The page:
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Interviews, Music

Interview: Transplants’ “Skinhead Rob” Aston Grows Up And Gains Perspective On Trio’s New Album

By: Curtis Sindrey (@SindreyCurtis) –

“Skinhead Rob” Aston (center) of Transplants.

Since the release of their 2002 self-titled debut album, California-based rap-rock trio Transplants’ co-lead vocalist and songwriter “Skinhead Rob” Aston has grown up.

From taking on a “street thug” persona that loved nothing more than to party, evidenced on tracks like “Tall Cans in the Air”, from Transplants’ self-titled 2002 debut album, Aston developed a worldly perspective, which resulted in a broader lyrical scope on their third album, In a Warzone. The album, out June 25 via Epitaph Records, has a strong eco-conscious focus, specifically on tracks like “Exit The Wasteland”, reflecting on humanity’s environmental destruction. It’s this subject matter that hints at Aston’s personal and musical transformation.

“You have to be responsible with the shit you say,” Aston says. “You can either write about dumb shit, like I have in the past, or write songs on the new album like ‘Exit The Wasteland’, which talks about how as humans we are fucking killing the Earth, and maybe I’m getting old or something but I think that there’s more important stuff to talk about than getting wasted.”

Aston says that it would have been wrong for them to try to replicate past songs and instead they had to grow up with their fans that have been with them since 2002. With the sound that they’ve achieved with In a Warzone, it couldn’t have come any sooner for Aston.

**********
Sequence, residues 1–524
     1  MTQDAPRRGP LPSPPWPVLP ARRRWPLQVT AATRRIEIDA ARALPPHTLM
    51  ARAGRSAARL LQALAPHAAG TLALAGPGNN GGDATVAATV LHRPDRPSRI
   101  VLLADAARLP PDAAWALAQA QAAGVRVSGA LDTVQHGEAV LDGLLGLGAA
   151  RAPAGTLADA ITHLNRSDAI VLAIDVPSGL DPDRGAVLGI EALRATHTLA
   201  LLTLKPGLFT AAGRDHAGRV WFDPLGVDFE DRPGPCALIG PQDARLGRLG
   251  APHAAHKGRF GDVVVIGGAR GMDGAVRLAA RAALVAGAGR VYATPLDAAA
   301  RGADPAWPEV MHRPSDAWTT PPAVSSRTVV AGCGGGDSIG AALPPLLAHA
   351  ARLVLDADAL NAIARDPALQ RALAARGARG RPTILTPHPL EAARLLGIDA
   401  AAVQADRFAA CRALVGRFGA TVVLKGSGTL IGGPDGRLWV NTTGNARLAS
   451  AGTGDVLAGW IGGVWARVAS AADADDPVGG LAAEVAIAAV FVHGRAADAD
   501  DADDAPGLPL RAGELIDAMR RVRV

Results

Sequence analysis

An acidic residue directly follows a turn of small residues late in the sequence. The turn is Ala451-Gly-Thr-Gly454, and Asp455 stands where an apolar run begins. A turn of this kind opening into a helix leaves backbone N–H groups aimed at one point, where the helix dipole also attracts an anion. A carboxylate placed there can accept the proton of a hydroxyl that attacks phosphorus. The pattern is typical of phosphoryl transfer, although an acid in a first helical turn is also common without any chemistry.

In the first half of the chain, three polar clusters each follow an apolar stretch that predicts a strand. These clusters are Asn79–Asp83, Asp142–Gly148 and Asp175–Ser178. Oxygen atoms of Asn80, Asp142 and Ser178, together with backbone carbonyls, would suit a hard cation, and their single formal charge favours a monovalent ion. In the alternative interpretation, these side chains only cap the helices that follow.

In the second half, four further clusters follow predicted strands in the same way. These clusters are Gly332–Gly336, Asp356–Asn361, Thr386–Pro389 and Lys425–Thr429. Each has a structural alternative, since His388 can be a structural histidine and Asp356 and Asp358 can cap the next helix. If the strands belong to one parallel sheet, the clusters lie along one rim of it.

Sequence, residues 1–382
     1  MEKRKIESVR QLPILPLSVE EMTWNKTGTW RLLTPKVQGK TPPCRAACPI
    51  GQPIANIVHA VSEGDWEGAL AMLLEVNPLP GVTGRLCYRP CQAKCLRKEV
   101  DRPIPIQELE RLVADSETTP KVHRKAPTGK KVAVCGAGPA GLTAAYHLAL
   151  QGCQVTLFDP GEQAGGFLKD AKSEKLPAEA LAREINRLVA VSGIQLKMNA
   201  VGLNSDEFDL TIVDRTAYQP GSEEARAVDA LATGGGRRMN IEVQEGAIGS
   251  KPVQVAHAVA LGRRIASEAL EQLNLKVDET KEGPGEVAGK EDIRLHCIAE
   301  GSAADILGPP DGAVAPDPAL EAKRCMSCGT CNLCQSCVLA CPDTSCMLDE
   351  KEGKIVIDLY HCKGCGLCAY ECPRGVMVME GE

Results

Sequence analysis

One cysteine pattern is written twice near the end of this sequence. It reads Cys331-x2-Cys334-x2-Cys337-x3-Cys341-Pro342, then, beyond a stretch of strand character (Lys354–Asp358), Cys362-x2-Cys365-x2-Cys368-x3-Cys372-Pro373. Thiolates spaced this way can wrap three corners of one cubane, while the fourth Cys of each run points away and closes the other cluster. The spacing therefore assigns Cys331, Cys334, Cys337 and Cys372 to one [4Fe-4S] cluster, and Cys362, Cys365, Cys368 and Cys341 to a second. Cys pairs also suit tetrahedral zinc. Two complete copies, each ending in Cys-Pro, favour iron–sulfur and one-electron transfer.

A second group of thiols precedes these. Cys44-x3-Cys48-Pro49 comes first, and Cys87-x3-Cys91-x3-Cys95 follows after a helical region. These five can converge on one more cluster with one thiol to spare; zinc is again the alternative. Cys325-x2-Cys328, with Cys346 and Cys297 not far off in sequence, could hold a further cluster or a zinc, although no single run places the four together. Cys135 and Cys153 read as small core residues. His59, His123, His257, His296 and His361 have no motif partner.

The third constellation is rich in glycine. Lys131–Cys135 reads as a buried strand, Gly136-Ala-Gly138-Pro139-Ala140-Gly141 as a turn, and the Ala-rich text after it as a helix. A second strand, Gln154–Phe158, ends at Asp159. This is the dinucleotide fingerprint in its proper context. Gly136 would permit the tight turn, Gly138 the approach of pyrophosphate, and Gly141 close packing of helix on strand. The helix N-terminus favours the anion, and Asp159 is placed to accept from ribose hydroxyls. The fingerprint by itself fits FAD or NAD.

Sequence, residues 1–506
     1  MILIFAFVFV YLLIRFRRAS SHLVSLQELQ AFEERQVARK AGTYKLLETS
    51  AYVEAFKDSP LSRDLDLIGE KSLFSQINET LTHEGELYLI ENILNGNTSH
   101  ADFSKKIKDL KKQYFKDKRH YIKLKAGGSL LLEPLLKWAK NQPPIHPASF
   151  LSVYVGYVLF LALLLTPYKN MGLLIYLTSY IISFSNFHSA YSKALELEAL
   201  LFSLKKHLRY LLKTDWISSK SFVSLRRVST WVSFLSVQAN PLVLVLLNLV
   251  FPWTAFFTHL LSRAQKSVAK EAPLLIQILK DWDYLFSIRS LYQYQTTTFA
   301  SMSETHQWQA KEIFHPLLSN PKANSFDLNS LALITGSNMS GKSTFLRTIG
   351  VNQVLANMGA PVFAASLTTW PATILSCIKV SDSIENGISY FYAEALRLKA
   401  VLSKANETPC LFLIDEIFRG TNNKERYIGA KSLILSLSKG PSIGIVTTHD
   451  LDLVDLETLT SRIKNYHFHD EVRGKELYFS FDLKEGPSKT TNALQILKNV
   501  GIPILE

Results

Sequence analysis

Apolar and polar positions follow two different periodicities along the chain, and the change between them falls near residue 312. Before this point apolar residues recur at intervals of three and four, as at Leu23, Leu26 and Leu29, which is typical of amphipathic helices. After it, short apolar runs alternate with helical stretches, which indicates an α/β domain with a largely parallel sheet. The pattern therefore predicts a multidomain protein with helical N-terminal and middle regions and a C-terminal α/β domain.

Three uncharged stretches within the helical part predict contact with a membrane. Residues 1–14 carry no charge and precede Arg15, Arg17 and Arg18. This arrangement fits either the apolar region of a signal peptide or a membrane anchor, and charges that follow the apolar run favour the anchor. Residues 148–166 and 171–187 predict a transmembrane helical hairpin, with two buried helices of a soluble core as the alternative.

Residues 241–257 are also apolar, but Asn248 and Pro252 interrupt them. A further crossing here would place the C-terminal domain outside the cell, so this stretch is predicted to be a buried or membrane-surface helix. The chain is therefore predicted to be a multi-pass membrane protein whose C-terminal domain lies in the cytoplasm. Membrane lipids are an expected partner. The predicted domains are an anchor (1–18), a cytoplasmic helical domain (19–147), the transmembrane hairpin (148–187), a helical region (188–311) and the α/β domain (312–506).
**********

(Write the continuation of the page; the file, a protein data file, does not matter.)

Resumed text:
“Transplants was always supposed to sound like the way we do on In a Warzone,” he says. “Because the music that we make now is what we should have been sounding like from day one. After taking a hiatus you can’t come back with some silly shit because nobody wants to hear that and if anything we owed it to our fans to make this kind of album and just give them us.”

Creating In a Warzone

Transplants took a very spontaneous approach to writing and recording their new album, which they chose to record in drummer Travis Barker’s (Blink-182) Los Angeles studio. The chemistry that the trio had cultivated over two studio albums allowed the writing and recording process to produce nearly 30 songs, which never made the final track listing. It often took only a guitar riff from guitarist and co-lead vocalist Tim Armstrong (Rancid, Operation Ivy) or a drum beat from Barker to get Aston’s creativity to flow.

“We’re all really honest with each other when it comes to recording and no one gets their feelings hurt and that’s nice because I know a lot of bands that don’t have the respect for each other like we do,” he says. “We just wanted to make a stripped-down punk rock album. I don’t really like writing songs that you can’t pull off live and we didn’t want to use a bunch of samples and loops this time around and punk is where we come from and it’s the type of music that we make best together.”

Album Artwork

If you’ve ever looked closely to the album artwork of a Transplants release, you’ll notice the strong sense of imagery and detail that goes into it. This bold punk rock aesthetic heavily influenced Aston, citing iconic punk bands like Crass and Conflict as visual inspirations.